There are two guidelines used to establish sprinkler systems in occupancies: NFPA 13, Standard for the Installation of Sprinkler Systems NFPA 13D, Standard for the Installation of Sprinkler Systems in One & Two Family Dwellings These standards specify head spacing, size of pipe, pipe hanging & all other details. Standards also specify design area to calculate the system. All components should be listed by a nationally recognized testing lab such as Underwriters Laboratory (UL)

52 Automatic Sprinkler Systems
Sprinkler system failures are very rare. Some causes of failure include: Partially or completely closed main water control valve. Interruption of municipal water supply Damaged or painted over heads Frozen or broken pipes Excess debris or sediment in pipes Failure of a secondary water supply Tampering or vandalism

53 Automatic Sprinkler Systems
Sprinkler System Effects on Life Safety Sprinklers enhance safety because they discharge water directly on a fire while it is relatively small. Limits the products of combustion. Prevents fire spread upward in multi-story buildings.

54 Automatic Sprinkler Systems
Sprinkler System Effects on Life Safety Situations where sprinklers are not as effective: Fires are too small to activate a head Smoke reaches occupants before sprinkler activation Sleeping, intoxicated or handicapped persons occupy the fire building

55 Automatic Sprinkler Systems
Sprinkler System Fundamentals The system starts with a water main & continues to the control valve. Riser Vertical piping to which the sprinkler valve, one-way check valve, FDC, alarm valve, main drain & other components are attached. Feed Main Pipe connecting the riser to the cross mains.

56 Automatic Sprinkler Systems
Sprinkler System Fundamentals Cross mains Directly service a number of branch lines to which the sprinklers are installed. Extend past the last branch lines & are capped to facilitate flushing. System piping decreases in size from the riser outward.

57 Automatic Sprinkler Systems
Sprinklers (Heads) Discharge water after the release of a cap or plug that is activated by some heat responsive element. Commonly identified by the temp at which they are designed to operate. The temp is identified by color coding the sprinkler frame arms, colored liquid in bulb-type sprinklers, or by stamping into the head.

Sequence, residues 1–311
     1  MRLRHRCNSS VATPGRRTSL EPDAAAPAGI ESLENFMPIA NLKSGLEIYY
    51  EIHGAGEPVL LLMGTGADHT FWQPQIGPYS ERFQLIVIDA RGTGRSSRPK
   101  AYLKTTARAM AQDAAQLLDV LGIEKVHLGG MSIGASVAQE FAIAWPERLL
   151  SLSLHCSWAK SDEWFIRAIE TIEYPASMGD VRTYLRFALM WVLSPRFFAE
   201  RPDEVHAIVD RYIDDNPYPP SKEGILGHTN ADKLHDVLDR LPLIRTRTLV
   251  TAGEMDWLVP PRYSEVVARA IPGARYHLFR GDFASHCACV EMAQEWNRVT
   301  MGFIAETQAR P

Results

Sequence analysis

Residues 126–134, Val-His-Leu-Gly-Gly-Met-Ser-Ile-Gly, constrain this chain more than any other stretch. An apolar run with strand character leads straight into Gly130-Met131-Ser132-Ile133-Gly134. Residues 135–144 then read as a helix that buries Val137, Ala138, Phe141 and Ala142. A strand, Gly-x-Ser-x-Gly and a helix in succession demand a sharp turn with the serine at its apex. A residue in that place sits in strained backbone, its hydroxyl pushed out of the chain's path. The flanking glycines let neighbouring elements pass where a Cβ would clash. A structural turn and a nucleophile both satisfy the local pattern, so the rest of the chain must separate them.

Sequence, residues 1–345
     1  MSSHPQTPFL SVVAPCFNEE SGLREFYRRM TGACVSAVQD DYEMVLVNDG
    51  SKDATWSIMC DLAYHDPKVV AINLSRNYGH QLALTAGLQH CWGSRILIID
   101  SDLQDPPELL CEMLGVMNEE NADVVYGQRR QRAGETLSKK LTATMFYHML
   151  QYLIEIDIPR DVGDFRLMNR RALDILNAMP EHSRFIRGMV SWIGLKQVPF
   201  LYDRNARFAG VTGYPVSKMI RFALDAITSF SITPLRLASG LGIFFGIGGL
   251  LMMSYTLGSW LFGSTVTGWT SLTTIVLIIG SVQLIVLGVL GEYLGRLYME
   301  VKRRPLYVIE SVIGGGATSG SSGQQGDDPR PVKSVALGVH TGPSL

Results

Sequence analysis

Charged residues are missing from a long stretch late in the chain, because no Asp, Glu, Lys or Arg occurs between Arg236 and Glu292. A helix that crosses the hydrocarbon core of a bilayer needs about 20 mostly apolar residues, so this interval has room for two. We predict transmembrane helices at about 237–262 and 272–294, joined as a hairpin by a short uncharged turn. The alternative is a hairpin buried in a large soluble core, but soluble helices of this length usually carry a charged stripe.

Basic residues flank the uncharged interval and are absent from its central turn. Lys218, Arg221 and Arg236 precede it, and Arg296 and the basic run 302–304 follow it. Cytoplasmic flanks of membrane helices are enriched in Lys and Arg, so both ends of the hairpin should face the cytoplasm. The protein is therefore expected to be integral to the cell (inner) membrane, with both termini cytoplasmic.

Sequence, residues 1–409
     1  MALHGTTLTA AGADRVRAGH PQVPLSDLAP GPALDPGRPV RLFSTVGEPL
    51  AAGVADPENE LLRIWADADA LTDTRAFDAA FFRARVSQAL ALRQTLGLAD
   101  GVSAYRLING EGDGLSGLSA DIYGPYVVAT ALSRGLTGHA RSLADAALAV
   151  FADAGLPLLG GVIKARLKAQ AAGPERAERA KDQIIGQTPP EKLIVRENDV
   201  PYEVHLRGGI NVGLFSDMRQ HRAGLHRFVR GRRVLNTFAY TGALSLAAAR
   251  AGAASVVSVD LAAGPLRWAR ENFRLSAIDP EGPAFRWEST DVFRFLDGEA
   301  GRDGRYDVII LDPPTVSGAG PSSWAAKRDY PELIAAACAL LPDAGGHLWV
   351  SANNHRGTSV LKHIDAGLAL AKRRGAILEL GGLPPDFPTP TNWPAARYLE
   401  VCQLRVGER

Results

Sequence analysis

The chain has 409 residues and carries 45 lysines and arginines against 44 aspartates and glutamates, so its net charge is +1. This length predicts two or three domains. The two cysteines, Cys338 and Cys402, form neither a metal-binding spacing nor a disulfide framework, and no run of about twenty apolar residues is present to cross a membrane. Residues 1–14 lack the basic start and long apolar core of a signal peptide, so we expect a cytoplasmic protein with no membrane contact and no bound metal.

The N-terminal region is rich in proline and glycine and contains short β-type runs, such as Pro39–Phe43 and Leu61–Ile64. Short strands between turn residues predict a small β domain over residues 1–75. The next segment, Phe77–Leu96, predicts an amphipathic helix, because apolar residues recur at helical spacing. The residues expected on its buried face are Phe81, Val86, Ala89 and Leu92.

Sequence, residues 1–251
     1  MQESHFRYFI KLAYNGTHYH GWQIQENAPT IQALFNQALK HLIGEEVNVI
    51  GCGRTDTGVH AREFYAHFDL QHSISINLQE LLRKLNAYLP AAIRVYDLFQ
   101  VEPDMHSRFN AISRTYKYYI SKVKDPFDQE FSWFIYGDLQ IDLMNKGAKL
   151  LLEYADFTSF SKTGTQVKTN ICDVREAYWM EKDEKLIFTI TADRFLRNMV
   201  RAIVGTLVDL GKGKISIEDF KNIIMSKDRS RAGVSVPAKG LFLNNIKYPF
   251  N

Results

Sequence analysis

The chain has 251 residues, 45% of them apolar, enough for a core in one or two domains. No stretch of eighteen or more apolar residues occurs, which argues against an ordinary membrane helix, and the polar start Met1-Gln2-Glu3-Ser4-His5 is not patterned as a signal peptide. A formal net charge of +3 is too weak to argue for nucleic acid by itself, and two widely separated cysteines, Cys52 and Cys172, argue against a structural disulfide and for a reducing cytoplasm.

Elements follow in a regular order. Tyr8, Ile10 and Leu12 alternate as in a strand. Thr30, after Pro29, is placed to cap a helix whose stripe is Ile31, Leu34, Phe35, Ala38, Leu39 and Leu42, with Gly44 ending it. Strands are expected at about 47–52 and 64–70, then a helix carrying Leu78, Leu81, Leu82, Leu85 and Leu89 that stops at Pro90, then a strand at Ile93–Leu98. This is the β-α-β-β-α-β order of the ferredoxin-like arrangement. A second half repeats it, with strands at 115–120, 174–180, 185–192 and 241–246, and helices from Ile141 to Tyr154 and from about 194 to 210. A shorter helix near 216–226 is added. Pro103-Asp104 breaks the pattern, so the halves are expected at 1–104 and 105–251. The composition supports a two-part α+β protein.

58 Automatic Sprinkler Systems

59 Automatic Sprinkler Systems
Fusible Link Two levers press against the frame securing a cap that holds back the water. When the fusible link melts, water pushes the levers & cap out of the way. Water then strikes the deflector to disperse the water.


61 Automatic Sprinkler Systems
Frangible Bulb A small bulb filled with liquid & an air bubble is used to hold the orifice closed. Heat expands the liquid which absorbs the bubble causing the pressure inside the bulb to shatter at the proper temp. The liquid is color coded to designate the breaking temp.

62 Automatic Sprinkler Systems
Chemical Pellet A pellet of solder, under compression, within a small cylinder melts at a predetermined temp. This allows the plunger to move down and release the valve cap parts.


64 Automatic Sprinkler Systems
Head Position Types There are 3 basic positions of heads: Pendant Extends down from the underside of piping. Upright Sits on top of the piping. Sidewall Extends from the side of the pipe. Special Purpose Specific atmospheres or applications.


66 Automatic Sprinkler Systems
Upright Pendant Sidewall Recall Recessed

67 Automatic Sprinkler Systems
Sprinkler Storage A storage cabinet for housing extra sprinklers & a sprinkler wrench should be installed in the area protected by the sprinklers in accordance with NFPA 13 & 13D. Changing of heads is typically performed by the buildings occupants who are qualified to perform sprinkler work.

68 Automatic Sprinkler Systems
Sprinkler Storage Cabinets

69 Automatic Sprinkler Systems
Control Valves Every system is equipped with a main control valve. Control valves are used to turn off the water supply to the system so heads can be replaced, maintenance, or operations interrupted. Valves are located between the water supply & the system.

70 Automatic Sprinkler Systems
Control Valves Usually located directly under the sprinkler alarm valve or outside the building near the sprinkler system it controls. Control valves should be secured in the open position or supervised to maintain control. Control valves are indicating and manually operated. An indicating valve shows if the valve is open at a glance.


72 Automatic Sprinkler Systems
Control valves Outside Screw & Yoke (OS&Y) Has a yoke with a threaded stem that controls opening & closing. When the stem is out, the valve is open. Post Indicator Valve (PIV) The valve is inside a hollow metal post. A window on the post displays OPEN or SHUT.

73 Automatic Sprinkler Systems

74 Automatic Sprinkler Systems
Control Valves Wall Post Indicator Valve (WPIV) Similar to a PIV, but it extends through a wall with the target & valve operating nut outside. Post Indicator Valve Assembly (PIVA) Does not use a target with the words OPEN or SHUT, but it has a sight area that is open when the valve is open & closed when the valve is closed


76 Automatic Sprinkler Systems